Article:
Last week in Brussels, on Wednesday, commissioner A., whom you know well – he is in charge of economy, and as of next week, he will be in charge of competition policy in EU – gave about an hour long press conference, extremely explanatory, accurate, and the main objective was to ensure that what he said did not upset the markets, which were all watching how to pinch down the Euro in particular, because that was a message to reassure on the Greek situation. And he made, in probably 2 sentences (generic, loud) some relationship between the Greek case and specific aspects of the Portuguese case, and the Spanish case. And now we are reassuring messages went through a pipeline of the – I’ll say it in French – “La Tritureuse”: the machine to chop down, and I can tell you that the 6.down the market in Spain and then 9.down the market in Portugal and many of the places in the EU were, basically, originating in these two sentences, in the manner they were reported. We are shaping our relationship with the media and with the citizens through very simple stereotype messages, which… well, the world is not like that.
So there are a number of difficulties, and differences between all of us. But I think what matters is what unites us all, which is: a set of values, and a number of attitudes, which make, what we call, the European way of doing things. With all these ideas travelling around the world, what I have perceived from the outside world is that they believe more in Europe than sometimes we the Europeans believe in ourselves and this is, probably, something that we have to put in value, because the European way of life, the European way of doing things, the European attitude is liked, is respected, and it is well understood, and sometimes it is more liked and better understood than other attitudes of other individual countries and this is something that we have to ensure that people in our societies know.
I think in many occasions explaining well what you do will ensure the understanding and it will ensure that the situation of confrontation becomes a situation of cooperation.
I’ll give you an example: for 3 hours ( a year ago) I organized a meeting with Mr. Solana and a good number of journalists form Iran. The aggressiveness of those journalists was really shocking to me at the beginning of the meeting, but after the answers were given in a polite, in a serene manner, we made lots of friends, lots of friends indeed. Some of them (during the crisis in June, when there were demonstrations and people being killed) send me SOS messages: "Please, tell Mr. Solana that this and this is happening in our country." So I think definitely this was an example that through communication and engagement we could tolerate some aggressiveness, if not all the aggressiveness around – we had people that didn’t understand what the EU and the international community was thinking about them, to become more familiar and to like and to be perfectly in line with our message.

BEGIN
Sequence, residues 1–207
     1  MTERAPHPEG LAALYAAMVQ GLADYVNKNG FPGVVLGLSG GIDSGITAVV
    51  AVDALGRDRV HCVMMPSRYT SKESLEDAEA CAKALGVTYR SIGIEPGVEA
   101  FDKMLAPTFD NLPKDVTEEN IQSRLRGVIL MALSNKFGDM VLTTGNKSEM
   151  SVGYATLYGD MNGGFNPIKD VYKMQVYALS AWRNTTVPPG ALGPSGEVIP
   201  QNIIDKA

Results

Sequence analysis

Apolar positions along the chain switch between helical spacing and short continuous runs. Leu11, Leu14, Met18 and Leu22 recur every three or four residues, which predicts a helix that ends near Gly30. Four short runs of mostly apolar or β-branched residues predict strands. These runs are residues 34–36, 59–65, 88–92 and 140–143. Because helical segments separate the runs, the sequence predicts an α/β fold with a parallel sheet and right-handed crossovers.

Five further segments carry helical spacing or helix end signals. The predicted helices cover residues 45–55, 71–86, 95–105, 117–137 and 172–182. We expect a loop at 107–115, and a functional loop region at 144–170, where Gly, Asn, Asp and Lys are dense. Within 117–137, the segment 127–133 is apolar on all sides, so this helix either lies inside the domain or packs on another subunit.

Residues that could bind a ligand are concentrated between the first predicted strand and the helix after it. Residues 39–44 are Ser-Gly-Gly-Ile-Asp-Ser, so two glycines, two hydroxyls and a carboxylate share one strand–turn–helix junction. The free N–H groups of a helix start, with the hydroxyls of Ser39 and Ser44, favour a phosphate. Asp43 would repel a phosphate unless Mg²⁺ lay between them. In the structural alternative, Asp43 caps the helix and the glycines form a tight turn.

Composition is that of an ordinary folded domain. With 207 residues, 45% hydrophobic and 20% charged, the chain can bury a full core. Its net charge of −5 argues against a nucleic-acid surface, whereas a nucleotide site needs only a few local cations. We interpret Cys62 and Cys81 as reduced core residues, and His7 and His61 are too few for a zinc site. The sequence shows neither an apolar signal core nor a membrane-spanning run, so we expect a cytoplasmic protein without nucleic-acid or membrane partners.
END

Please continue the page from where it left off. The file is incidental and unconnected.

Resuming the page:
The fragmentation of media is definitely better, but at the same time very complicated and makes life more difficult. Before, if I wanted to have a message across or I wanted to make an announcement, I would call BBC, or we would organize an interview with CNN. Now you have to call BBC, CNN, Al Jaseera, France Pancarte, and Russian television – all this media! And still, you have to ensure that it gets on the internet, you have to ensure that it gets in the print, so definitely fragmentation is a challenge. Fragmentation is good, if you are able to pass very simple and very specific messages, but we live in a very complex world, where passing simple messages is not possible, therefore it becomes much more difficult. So fragmentation is, somehow, a thing that we need to handle, it is not going to be like before, it will continue this way – maybe it will be even more fragmented because of what we need… probably, it’s going to do that. Therefore, we have to understand that is is what it is, and we have to be able to manage that.
I’m really pleased to be here, to have been able to participate in the launching. I hope I can get an invitation next year – I will be delighted to come, and I’m really impressed by all the work being done by the young generations coming from Central and Eastern Europe. I think this is basically the proof that all this process of stabilization had been successful and that, it’s basically, a good covering of Central and Eastern Europeans – all struggling in a very complex world and trying to make, through communication, Europe: a better place.
Yes, you have my blessing and I definitely will join you next year!